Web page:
Bangkok – Thailand’s first-ever referendum has endorsed a new military-backed constitution for the kingdom but it was no landslide victory.
According to a final count of ballots cast, only 57 per cent of the people who bothered to vote Sunday supported the new charter, with 42 per cent rejecting it. And despite being the country’s “first-ever” referendum, the novelty value was insufficient to draw the masses to the polling stations.
Only 57.6 per cent of the eligible voters voted, far below the usual turnout at general elections. More worrisome for Thailand’s current leadership, some 62 per cent of the population in the north-east region rejected the charter.
The north-east, the most populous and most impoverished of Thailand’s regions, is also the political heartland of former populist prime minister Thaksin Shinwatara who was deposed by a military coup on September 19, 2006.
Bangkok, the central plains and the southern provinces, where the anti-Thaksin movement was strongest, approved the constitution while the north was nearly 50/50. Army commander-in-chief General Sonthi Boonyaratkalin, head of the junta that ousted Thaksin, conceded that the referendum outcome in the north-east was “a lesson for the government to study.”
Political observes say the message is pretty clear.
“The problem is that after this result they (the military) are going to be very worried about the general election,” said Chris Baker, a political analyst and co-author of Thaksin The Business of Politics in Thailand. “If those who voted against the constitution were sending a protest against the junta and saying that they are going to vote for pro-Thaksin parties, then that is about 40 per cent of the constituency,” noted Baker.
Thailand is expected to hold a general election on December 16, this year, in keeping with the post-coup timetable set by the junta. Since the coup, the Council of National Security – as the junta styles itself – and its appointed “interim” cabinet have done their best to remove Thaksin and his Thai Rak Thai Party from Thailand’s political equation. The military overthrew Thaksin on charges of mass corruption, undermining democratic institutions and dividing the nation.
Thaksin has been living in self-exile in London for the last year where he has kept himself busy, and in the news, by buying the Manchester City football club, which just happened to win its first game against Manchester United on Sunday – referendum day. In Thailand, Thaksin faces an arrest warrant for failing to testify in an abuse-of-power case against him and his wife Potjaman. Other corruption charges are pending.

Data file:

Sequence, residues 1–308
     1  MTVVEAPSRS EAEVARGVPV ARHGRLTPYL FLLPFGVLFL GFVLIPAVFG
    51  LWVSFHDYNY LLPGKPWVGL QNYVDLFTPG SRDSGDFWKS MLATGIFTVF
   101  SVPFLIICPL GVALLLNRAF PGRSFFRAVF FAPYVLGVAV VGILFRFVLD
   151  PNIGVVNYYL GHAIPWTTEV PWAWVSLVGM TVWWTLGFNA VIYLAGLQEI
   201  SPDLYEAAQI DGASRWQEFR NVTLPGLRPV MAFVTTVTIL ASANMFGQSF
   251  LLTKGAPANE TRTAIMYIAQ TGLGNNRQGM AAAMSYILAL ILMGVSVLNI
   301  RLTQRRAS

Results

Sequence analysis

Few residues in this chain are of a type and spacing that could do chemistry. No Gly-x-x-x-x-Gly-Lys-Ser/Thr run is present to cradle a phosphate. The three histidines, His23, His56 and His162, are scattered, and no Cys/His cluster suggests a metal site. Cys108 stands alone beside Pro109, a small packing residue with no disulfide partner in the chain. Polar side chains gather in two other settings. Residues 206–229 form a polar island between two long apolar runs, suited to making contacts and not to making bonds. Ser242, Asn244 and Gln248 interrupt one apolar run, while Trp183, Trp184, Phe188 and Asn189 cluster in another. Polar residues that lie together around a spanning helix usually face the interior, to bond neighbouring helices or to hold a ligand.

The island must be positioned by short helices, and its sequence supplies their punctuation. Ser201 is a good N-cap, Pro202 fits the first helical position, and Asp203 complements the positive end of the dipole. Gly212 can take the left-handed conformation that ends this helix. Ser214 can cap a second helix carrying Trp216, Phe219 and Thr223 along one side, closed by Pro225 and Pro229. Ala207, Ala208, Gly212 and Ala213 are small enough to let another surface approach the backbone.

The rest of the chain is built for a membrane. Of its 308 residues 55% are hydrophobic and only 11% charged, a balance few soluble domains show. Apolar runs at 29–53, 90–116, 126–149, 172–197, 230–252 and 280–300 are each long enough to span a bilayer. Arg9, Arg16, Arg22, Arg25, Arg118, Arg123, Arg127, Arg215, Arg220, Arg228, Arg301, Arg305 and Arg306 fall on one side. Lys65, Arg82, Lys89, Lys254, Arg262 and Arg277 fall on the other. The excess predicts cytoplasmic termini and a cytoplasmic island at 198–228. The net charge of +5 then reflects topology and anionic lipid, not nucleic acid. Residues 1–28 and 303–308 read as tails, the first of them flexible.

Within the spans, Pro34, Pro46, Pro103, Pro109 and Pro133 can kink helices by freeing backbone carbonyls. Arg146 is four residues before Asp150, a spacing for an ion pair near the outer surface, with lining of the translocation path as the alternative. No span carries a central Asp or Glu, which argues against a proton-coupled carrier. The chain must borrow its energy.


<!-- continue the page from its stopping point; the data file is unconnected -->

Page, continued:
Thailand’s Constitution Court on May 30 disbanded the Thai Rak Thai Party and banned its 111 executives, including Thaksin, from politics for the next five years. The old TRT clique, however, includes another 200 formerly elected members of parliament, who are now gearing up to contest the December polls under new non-Thaksin banners. But the junta has already done its best to make sure that neither Thaksin nor some Thaksin-like politician will ever be able to rise to such a pinnacle of elected power again.
The referendum-endorsed 2007 charter, drafted by a military-appointed committee, has essentially weakened Thailand’s elected politicians and strengthened the hand of the bureaucracy and the military.
For instance, the 2007 charter mandates that nearly half of the Senate body will be appointed by a seven-person committee selected from Thailand’s judiciary. Besides dragging the judiciary into Thai politics, this will also give the Senate tremendous clout over the elected Lower House, including the right to launch impeachment motions.
“This will be a way of bring the elite into control,” said Jon Ungprakorn, a former senator under the elected system.
“The senate will become a place for retired civil servants,” he predicted.
Even more worrisome than the 2007 constitution is the pending National Security Act, also being pushed by the military, which promises to give the army commander in chief martial law powers above and beyond the prime minister.
“This act will allow the military to institutionalize themselves,” warned Thitinan Pongsudhirak, director of Chulalongkorn University’s Thailand’s Institute of Security and International Studies.
One good outcome from the referendum’s lukewarm mandate for the charter, is that the military may now think twice about pushing through its frightening national security act. “I think they will be careful not to do something now that is going to stir people up, because now the country is totally divided, much more so than it was before the referendum,” said Baker.